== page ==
New Additions for Vulcan-Centaur

In preparation for ULA’s next rocket, Vulcan, ULA will be testing new engineering features on this mission. This hardware does not jeopardize the mission in any way, as it still uses proven and tried methods, but will test minor new things in order to prepare for Vulcan and gain flight experience. The first thing is the Out-of-Autoclave (OoA) payload fairings which are manufactured differently to reduce weight and simplify the fabrication process of carbon composites.

Also flying for the first time, is the In-Flight Power System (IFPS). The IFPS is a system which powers the satellites batteries up to its deployment. With a direct orbit insertion mission such as STP-3, the satellite will spend a large amount of time attached to the Centaur Upper Stage with no ability to deploy its solar panels and increase its power. The final addition is a new GPS navigation system which will aid in accurrately guiding Centaur to its desired orbit.

What Does 551 mean?

Atlas V rockets have a three number configuration code. The first number represents the fairing diameter size in meters The second number denotes the number of solid rocket motors (SRMs), which attach to the base of the rocket. The number of SRMs for a 4 meter fairing can range from 0 – 3. However, the 5 meter fairing Atlas V can support up to 5 SRMs, due to the different aerodynamic properties of the fairing. The third number shows the number of engines on the Centaur Upper Stage.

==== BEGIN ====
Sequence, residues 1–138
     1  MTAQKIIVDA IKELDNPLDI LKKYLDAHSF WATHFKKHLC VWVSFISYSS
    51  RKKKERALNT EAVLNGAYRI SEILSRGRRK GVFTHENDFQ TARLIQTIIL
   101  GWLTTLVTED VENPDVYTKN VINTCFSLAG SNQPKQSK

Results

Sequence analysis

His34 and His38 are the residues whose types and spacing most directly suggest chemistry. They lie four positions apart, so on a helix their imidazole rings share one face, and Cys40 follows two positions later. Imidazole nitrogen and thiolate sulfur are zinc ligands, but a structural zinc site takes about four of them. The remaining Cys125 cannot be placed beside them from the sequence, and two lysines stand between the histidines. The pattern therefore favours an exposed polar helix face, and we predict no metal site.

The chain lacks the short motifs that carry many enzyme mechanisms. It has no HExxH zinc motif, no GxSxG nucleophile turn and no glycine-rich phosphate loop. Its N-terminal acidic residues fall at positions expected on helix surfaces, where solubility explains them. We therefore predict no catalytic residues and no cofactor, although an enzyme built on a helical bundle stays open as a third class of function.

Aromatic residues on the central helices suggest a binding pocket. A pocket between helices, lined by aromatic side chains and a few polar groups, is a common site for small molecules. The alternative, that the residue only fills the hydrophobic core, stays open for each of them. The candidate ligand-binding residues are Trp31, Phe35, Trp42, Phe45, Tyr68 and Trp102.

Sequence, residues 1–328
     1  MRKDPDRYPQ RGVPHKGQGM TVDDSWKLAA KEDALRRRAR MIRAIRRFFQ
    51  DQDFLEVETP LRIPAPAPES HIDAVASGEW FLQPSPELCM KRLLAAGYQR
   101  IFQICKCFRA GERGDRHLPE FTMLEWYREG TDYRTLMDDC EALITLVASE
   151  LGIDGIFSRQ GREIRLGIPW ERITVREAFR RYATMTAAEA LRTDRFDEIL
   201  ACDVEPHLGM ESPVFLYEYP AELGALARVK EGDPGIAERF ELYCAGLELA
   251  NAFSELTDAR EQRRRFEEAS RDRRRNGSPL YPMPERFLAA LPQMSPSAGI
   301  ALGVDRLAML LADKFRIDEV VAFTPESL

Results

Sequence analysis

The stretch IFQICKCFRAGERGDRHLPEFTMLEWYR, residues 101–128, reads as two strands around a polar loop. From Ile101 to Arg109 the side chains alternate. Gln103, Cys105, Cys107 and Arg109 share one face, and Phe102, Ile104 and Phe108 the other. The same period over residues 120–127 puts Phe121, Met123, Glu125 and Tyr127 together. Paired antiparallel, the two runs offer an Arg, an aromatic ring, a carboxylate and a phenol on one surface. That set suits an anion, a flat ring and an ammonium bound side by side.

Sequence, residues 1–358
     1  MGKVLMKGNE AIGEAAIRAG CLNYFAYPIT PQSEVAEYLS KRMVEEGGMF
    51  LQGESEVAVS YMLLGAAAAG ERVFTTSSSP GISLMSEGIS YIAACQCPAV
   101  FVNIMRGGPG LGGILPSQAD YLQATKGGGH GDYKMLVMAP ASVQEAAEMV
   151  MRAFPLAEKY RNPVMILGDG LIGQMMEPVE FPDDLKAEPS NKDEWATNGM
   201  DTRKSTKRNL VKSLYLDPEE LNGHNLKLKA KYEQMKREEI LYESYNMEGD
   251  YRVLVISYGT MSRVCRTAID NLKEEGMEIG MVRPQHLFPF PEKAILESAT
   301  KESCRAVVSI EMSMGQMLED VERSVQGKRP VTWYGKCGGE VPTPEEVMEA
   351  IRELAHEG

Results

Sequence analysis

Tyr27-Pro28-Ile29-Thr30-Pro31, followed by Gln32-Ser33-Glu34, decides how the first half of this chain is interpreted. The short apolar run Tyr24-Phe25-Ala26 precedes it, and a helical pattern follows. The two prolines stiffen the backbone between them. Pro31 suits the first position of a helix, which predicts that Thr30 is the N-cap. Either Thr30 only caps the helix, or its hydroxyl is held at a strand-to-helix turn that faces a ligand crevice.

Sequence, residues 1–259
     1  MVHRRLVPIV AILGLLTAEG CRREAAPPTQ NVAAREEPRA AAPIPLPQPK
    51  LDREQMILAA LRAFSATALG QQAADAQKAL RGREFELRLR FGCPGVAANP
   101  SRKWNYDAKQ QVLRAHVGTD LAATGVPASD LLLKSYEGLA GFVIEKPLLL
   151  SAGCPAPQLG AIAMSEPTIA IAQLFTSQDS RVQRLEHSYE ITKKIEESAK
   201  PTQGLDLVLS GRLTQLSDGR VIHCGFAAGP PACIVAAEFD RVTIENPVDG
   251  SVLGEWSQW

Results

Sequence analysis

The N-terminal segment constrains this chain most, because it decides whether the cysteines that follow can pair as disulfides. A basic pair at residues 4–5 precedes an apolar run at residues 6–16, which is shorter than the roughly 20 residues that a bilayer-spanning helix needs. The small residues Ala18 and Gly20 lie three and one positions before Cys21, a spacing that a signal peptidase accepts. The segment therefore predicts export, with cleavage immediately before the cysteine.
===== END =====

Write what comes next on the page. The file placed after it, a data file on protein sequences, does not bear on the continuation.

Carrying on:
srb, atlas v, fairing, engine
A diagram of the entire Atlas V family with the SRM placement for each number shown. (Credit: NASA)
  1. Minor point: “geosynchronous” doesn’t necessarily mean staying over the same point, as a non-equatorial inclination will result in a figure-8 ground track. “Geostationary” is an equatorial geosynchronous orbit that does remain over the same point on the equator.